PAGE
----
“The Government is determined to give opportunities for talented Australians to participate in higher education no matter what their background.” Reflecting the Government’s philosophy in schools, funding increases will be closely linked to performance measures to be overseen by a new regulator, while universities will be encouraged to enrol students from poor backgrounds by a new loading payment worth $325 million over four years.
In line with the Government’s focus on stimulating the economy, near-term money is to be spent on new infrastructure for universities and the vocational sector to the tune of $2.6 billion over four years with an emphasis on university and science projects. In a big win for the sector, a path has been laid for increasing recurrent funding for teaching through better indexation and moves to cover the indirect costs of research. But much of that money is back-ended towards the 2011-12 and 2012-13 years. That means for now universities will remain cash-strapped on recurrent funding and reliant on the international student market.
The Government says its plans are about “planting the seeds for future growth” once the economy recovers. The centrepiece of the higher education strategy is the removal of caps on student numbers from 2012 as Canberra plans to increase the proportion of 25- to 34-year-olds with a degree or higher qualification from 32 per cent to 40 per cent by 2025. Canberra has allocated $491million to fund an expansion of 50,000 students and a further $402 million to help universities adapt to the new deregulated environment, in which universities will be able to target student numbers in line with demand.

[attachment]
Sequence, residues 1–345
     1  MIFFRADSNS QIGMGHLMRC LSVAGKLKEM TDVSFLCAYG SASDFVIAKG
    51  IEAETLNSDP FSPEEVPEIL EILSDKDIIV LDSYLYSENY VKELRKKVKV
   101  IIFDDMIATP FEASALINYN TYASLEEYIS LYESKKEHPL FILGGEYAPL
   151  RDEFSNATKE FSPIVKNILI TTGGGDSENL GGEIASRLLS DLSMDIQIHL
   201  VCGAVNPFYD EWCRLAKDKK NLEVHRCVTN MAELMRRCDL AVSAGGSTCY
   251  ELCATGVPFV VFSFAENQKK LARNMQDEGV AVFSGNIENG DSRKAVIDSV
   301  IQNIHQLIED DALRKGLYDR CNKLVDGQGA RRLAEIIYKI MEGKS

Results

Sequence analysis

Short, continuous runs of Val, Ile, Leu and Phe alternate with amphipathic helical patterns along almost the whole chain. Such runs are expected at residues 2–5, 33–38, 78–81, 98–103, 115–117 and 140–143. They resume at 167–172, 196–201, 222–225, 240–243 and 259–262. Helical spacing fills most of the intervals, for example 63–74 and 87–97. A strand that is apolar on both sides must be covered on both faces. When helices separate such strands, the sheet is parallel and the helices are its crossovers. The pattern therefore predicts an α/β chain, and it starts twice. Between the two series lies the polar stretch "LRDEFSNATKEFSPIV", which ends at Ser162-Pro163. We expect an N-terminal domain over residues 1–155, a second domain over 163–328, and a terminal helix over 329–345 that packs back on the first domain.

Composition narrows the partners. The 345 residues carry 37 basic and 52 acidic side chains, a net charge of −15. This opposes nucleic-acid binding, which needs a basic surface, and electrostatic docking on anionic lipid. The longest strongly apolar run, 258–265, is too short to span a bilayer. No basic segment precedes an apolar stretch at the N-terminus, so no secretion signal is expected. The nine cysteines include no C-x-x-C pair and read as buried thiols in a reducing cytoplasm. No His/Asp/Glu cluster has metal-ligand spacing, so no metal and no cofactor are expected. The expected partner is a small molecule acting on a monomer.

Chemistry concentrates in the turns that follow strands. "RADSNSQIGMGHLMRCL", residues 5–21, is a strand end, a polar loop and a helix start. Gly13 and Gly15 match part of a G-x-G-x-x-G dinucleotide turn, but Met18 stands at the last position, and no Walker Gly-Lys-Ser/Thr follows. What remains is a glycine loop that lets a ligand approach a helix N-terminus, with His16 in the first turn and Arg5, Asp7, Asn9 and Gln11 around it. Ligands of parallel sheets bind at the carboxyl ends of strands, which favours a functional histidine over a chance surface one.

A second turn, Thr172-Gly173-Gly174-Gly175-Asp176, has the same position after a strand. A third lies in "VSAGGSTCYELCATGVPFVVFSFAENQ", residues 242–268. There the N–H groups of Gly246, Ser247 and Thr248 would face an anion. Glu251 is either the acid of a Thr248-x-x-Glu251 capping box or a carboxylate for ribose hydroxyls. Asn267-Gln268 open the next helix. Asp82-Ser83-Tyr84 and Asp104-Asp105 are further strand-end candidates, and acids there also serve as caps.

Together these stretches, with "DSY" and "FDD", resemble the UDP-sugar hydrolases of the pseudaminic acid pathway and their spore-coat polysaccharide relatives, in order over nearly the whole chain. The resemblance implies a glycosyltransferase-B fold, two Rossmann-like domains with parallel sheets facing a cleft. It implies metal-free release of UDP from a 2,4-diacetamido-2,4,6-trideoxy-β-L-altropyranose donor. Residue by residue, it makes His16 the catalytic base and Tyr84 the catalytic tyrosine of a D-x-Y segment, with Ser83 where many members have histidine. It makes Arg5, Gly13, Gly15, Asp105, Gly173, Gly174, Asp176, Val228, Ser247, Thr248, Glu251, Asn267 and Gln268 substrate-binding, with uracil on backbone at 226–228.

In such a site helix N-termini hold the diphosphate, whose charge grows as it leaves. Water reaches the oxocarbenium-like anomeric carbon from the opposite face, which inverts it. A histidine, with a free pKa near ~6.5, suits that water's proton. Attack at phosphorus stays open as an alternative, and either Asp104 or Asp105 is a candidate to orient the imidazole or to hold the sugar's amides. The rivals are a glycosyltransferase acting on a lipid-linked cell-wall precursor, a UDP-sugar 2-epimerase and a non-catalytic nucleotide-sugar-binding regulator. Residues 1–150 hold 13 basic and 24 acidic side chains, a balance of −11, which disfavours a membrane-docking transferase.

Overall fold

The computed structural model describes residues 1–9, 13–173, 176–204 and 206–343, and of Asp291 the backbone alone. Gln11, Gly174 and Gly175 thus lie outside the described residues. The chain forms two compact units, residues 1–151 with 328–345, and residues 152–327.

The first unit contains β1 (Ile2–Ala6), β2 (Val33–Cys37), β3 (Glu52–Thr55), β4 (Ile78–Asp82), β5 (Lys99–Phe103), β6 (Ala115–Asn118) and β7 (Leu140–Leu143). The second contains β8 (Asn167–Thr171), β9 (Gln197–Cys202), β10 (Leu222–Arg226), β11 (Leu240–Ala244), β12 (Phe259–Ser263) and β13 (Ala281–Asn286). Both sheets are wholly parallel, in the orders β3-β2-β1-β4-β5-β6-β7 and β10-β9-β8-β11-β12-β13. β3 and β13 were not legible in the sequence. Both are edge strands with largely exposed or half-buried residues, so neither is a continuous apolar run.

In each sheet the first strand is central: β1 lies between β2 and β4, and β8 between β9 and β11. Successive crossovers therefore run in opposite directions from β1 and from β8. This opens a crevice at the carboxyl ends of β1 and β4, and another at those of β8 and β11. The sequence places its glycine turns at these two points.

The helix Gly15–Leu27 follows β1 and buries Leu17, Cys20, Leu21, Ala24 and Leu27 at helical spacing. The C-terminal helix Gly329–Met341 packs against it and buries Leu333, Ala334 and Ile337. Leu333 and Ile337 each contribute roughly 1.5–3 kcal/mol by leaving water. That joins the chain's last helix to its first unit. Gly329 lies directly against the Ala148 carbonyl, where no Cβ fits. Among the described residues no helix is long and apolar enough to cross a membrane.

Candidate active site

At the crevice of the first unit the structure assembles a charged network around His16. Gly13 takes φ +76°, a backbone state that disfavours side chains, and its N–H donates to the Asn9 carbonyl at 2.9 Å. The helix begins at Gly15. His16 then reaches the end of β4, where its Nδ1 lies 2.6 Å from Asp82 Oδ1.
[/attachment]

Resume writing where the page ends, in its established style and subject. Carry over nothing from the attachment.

A further $108 million will be allocated over four years to encourage universities to form closer partnerships with schools to build aspiration and pathways to raise the number of students from the poorest backgrounds. Students from the bottom 25 per cent of wealth postcodes are under-represented at universities and Education Minister Julia Gillard wants to raise the proportion of low socio-economic students at university from 16 per cent to 20per cent by 2020.
University research is also to be put on a more sustainable pathway towards fully covering the indirect costs of research, or money for equipment, salaries and administration that research grants don’t cover. The Government is to spend $512 million over four years to raise research block grants. But again, big money won’t start to flow until 2010-11.
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